“What we need is not a change in behavior (morality) but a change in who we are (ontology). Christ came to change us, not reform us.” This post is an excellent reflection by Fr. Stephen on the nature of things.
This Hold the Gluten podcast (celebrating Celiac Awareness Day) is a really good one. Even if you don’t have celiac disease, check this one out. You’ll understand it better. Our family is a bit different. At first, when I was the only one diagnosed, I had my own little enclave of food. Family meals were generally gluten free, but there was a lot of food that wasn’t. Then when our younger two kids were diagnosed with celiac disease, there was a shift. With my wife as the only non-celiac in the house, virtually everything we have in the house is gluten free. My wife will order gluten-containing meals when she goes out to eat (with us or with friends), but our home has almost become a gluten free zone. It’s even more difficult at meals because I can’t tolerate dairy or oats anymore. That annoys us all (especially me), but it’s life, I guess.
The Bleeding Cure. Krugman compares the current irrational rash of austerity measures to the economic version of the medieval medical technique of bleeding the patient to drain the evil humors. It strikes me as an apt metaphor.
This Meatless Monday post contains some sobering facts on the impact livestock farming the way we do it today has on our environment.
The Google chairman, Eric Schmidt, pulls no punches when he calls the current government approach to the economic crisis “ludicrous”. He thoroughly debunks the current myths being propagated.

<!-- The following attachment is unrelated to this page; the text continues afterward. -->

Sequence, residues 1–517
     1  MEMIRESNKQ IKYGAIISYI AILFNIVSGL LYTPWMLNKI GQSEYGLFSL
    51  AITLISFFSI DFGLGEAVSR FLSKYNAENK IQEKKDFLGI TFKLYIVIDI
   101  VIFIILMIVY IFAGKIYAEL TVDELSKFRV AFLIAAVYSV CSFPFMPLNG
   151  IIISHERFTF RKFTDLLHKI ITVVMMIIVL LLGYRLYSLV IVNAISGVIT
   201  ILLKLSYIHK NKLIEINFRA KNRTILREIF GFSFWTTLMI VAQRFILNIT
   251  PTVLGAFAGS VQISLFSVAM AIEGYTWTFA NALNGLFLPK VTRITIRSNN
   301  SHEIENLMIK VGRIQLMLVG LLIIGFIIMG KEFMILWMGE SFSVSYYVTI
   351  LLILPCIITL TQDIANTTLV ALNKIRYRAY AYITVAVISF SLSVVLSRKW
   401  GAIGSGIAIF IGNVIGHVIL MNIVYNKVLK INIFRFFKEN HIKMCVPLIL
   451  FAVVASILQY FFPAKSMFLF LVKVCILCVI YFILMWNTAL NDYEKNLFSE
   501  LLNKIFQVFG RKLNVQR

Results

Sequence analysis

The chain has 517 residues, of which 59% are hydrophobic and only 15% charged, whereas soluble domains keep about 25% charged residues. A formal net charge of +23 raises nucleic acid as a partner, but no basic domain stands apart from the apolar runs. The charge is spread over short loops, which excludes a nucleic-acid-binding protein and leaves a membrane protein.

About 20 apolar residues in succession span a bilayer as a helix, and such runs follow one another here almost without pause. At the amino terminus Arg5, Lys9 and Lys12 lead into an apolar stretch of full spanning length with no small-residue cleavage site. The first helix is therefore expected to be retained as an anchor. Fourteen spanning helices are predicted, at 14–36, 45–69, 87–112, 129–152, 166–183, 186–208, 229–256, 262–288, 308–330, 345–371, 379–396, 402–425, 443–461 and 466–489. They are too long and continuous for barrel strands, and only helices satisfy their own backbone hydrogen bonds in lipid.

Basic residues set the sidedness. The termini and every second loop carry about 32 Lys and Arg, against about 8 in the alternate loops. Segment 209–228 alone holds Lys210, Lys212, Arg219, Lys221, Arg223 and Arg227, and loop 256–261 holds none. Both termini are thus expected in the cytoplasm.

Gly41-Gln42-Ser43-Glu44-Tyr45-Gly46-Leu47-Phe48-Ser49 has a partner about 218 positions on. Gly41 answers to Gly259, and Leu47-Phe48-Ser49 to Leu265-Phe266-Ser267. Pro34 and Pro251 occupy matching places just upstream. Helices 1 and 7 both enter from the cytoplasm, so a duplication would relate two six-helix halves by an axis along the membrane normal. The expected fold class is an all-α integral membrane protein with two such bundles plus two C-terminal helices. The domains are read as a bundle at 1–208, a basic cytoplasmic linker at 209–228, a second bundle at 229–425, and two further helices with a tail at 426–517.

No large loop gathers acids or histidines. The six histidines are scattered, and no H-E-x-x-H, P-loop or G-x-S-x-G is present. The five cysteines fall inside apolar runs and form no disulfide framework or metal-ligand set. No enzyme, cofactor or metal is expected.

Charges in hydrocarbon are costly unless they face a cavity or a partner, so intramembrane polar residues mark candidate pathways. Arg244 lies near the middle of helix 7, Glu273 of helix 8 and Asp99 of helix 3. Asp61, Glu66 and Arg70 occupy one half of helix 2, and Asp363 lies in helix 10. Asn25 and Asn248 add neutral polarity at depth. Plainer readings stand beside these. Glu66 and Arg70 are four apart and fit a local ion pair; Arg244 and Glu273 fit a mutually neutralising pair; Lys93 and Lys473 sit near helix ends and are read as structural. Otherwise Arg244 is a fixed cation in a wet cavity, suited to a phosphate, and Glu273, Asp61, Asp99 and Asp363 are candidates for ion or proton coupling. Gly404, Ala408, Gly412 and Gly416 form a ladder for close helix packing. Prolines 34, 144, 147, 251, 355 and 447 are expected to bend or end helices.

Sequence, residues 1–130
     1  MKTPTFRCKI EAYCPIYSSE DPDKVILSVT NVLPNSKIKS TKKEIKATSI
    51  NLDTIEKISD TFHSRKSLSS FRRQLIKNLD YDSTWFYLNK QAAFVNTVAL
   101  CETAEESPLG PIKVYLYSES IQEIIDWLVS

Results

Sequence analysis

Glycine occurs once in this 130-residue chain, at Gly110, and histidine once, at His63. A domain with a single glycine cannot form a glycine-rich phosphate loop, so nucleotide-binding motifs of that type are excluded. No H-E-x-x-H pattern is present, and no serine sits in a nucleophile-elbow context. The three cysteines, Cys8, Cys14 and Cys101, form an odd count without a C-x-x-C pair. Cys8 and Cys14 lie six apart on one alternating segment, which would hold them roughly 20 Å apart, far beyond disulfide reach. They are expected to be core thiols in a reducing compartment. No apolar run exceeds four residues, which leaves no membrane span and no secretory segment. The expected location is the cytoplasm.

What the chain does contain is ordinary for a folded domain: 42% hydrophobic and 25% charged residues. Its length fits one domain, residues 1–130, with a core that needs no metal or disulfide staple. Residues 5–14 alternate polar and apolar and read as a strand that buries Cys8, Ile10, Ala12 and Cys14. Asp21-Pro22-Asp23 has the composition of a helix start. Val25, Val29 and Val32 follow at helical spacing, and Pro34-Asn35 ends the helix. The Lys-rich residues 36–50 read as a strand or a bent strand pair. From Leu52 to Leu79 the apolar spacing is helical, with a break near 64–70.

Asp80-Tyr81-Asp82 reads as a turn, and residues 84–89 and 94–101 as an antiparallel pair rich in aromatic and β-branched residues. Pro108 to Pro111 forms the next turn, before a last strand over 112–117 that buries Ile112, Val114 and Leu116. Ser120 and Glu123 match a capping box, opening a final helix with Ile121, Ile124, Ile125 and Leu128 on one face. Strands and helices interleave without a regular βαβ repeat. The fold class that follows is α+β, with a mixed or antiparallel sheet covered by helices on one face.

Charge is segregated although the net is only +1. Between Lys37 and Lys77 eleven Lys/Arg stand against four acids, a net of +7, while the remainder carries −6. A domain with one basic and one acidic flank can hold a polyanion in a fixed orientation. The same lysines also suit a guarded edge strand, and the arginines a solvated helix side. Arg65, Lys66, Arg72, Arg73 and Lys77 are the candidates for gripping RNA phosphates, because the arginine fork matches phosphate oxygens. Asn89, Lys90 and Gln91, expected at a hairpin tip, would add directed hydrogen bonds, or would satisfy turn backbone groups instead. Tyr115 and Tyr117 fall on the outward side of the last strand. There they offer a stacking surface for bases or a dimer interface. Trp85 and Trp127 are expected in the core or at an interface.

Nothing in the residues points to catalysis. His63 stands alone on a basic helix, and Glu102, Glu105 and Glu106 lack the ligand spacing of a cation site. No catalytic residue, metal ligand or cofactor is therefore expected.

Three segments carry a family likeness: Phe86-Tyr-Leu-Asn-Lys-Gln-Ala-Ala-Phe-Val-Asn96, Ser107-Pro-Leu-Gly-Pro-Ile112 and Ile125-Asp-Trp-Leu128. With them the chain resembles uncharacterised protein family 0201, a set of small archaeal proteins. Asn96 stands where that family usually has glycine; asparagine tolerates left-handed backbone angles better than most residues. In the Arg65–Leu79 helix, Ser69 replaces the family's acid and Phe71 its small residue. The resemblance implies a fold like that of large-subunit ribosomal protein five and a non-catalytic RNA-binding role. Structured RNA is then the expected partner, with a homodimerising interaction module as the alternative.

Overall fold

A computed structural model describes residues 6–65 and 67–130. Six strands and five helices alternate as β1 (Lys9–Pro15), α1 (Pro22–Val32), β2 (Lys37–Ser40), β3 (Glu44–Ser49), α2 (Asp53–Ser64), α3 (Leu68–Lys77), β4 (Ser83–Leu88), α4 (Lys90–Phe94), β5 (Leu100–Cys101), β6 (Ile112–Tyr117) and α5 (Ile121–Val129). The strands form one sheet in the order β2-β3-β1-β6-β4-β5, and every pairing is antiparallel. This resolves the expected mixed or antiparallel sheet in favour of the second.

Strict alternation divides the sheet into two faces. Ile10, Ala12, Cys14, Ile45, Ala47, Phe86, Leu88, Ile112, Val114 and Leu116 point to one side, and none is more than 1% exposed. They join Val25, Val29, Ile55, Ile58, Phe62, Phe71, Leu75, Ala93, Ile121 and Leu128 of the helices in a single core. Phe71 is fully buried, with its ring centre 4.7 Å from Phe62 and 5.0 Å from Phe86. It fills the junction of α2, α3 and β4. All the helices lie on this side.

Undiagnosed gluten intolerance a cause of depression. This is certainly an established fact for celiac disease. It’s one of the possible symptoms in every list of symptoms I’ve seen. It also explains the general ineffectiveness of medication for many people.
Taxes and the wealthy. Good article, but I’m starting to believe there’s no way anymore to teach basic math to Americans. It seems like a lost cause. The process C.S. Lewis foretold in The Abolition of Man has arrived.
Amazingly, we’re having the same crisis and making the same mistakes as we did in the 30s.
GOP politicizing the Fed (a conservative organization currently led by a Bush appointee, no less) in a fairly blatant effort to continue to make the American economy worse. The only possible agenda for such an action is because they believe that’s how they’ll win next year. Basically, it’s a cynical move that says if we do everything we can to make things as bad as possible in the US, then the America people will reward us for our efforts by giving us more power. The worst part? Their analysis may be right.
Spiritual, but not religious? It’s a good article. And I appreciate the observation that those who are spiritual but not wedded to any tradition tend to explore more deeply and more thoroughly looking for something they can believe. I certainly lived and still live that dynamic.
The social contract. Indeed, we’ve had three decades of aggressive class warfare against the middle class. And now they are trying to maintain those gains by pitting different middle class groups against each and against the poor. Meanwhile, the rich get richer. We’re idiots.